Charles de Lint, |
illustrated by Charles Vess
Charles de Lint revisits two of the "seven wild" Dillard sisters in Medicine Road, a magical and musical adventure.
Twins Laurel and Bess have taken their old-time music on the road, touring the Southwest with fiddle and banjo in hand, and the last thing they expect is to be caught up in another mythical and mystic event. Neither has forgotten their frightening experience back home with the 'sang men and bee fairies, and Bess in particular would like to keep it a memory and nothing more.
But she's caught the eye and heart of Jim Changing Dog, whose time is running out. Nearly 100 years before, Coyote Woman changed him from a red dog to a "five-fingered" human male and the jackalope he had been chasing into a human woman, Alice Corn Hair. Coyote Woman gave them 100 years to find a soul mate, and if either failed, both would revert permanently into their original forms. Alice has found artist Thomas Young and has been with him for 30 years, but she will lose him unless Jim finds someone himself.
Bess is more than attracted to Jim; she feels a strong connection to him almost immediately. Still, Jim worries about how she will react when she learns the truth about him -- not to mention what she doesn't yet know about herself. At the same time, he knows that he has to take the risk because Alice is affected by the outcome as well.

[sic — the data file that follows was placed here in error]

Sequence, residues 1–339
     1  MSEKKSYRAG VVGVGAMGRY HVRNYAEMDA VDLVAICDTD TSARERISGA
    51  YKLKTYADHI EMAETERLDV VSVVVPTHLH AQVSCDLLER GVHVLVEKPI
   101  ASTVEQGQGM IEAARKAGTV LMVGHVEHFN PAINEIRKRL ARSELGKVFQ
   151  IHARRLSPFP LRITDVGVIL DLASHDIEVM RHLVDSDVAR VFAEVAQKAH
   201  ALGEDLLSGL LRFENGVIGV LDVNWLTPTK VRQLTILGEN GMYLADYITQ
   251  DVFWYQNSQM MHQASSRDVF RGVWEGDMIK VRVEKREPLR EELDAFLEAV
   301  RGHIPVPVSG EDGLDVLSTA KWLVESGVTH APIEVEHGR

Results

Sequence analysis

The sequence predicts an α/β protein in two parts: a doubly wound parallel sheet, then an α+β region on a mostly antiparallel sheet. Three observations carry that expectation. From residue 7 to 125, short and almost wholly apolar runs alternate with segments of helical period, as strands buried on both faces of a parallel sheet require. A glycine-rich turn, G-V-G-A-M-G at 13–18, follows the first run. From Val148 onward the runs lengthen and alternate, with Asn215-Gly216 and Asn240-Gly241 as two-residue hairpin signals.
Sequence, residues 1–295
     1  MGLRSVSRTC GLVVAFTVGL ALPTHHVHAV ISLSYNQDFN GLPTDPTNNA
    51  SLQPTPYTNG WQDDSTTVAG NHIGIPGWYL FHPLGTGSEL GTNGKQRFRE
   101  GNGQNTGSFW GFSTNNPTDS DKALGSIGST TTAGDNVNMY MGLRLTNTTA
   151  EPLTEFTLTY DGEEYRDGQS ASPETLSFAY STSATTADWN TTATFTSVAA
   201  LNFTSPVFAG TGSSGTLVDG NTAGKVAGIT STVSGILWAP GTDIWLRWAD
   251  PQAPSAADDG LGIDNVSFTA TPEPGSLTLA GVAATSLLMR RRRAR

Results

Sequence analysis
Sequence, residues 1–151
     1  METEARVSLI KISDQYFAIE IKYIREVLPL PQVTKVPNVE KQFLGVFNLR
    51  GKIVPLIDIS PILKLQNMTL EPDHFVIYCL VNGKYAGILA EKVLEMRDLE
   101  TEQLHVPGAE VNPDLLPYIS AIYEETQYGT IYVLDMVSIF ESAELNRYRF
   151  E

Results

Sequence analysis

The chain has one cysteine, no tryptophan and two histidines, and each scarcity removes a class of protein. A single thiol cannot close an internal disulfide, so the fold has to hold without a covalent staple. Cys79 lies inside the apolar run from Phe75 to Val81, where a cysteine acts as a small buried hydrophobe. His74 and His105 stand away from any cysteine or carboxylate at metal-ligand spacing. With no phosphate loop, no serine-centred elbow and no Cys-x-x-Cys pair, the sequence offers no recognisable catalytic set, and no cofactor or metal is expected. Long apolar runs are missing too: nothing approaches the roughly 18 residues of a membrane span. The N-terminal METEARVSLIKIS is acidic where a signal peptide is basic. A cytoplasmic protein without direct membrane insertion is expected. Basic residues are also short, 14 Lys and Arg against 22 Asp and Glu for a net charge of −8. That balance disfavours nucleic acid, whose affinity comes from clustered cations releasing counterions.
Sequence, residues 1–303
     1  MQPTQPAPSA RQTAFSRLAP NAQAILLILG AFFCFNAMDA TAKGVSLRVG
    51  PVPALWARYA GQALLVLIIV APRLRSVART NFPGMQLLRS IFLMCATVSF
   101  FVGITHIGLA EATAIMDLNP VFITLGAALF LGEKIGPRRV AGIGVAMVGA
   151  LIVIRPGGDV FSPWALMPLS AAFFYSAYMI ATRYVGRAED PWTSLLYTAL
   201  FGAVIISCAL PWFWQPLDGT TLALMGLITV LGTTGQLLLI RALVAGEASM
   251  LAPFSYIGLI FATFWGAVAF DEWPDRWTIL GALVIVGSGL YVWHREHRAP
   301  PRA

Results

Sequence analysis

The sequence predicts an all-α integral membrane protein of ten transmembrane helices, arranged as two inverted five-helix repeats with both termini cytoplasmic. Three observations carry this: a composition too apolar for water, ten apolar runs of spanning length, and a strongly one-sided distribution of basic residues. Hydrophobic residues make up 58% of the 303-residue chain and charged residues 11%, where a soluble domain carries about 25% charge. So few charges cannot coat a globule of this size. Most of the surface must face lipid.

Medicine Road spins out as smoothly as a song -- as smoothly, in fact, as the narrative song that sets the tone for the novel. De Lint tells his story through multiple viewpoints, a device that knits the narrative together smoothly through the various perspectives. The conflict and tension in the tale is the intense quiet drama of the heart where love and fear struggle. Even when a rattlesnake woman named Ramona tries to stir up trouble, her actions are rooted in her own conflicting emotions that ultimately affect her choices.
De Lint is known for well-developed and convincing characters, and Medicine Road is no exception. Laurel and Bess are so lively and appealing that you regret that you can't go down to your local bar to hear them play or look up their website to see if you can pick up a CD. De Lint gives each twin her own personality, yet doesn't overdo it by creating exact opposites. Instead, he strikes a neat and credible balance between the unique relationship that twins share and personal individuality.
He doesn't stint on the other characters. From the gentle artist Thomas Young who ponders the implications of loving a woman like Alice Corn Hair to Corina, the Coyote Woman who can't resist meddling, each is a complex person trying to strike a balance between individual needs and the world around him or her.
De Lint wraps his story and characters in an evocative description of the desert that, although arid, is a world brimming with life, with mystery and with magic. Charles Vess's illustrations enhance the book beautifully, infusing the setting and characters with an extra spark.
This book is a gem, a gift from a master storyteller. Don't pass up the opportunity to walk Medicine Road for yourself.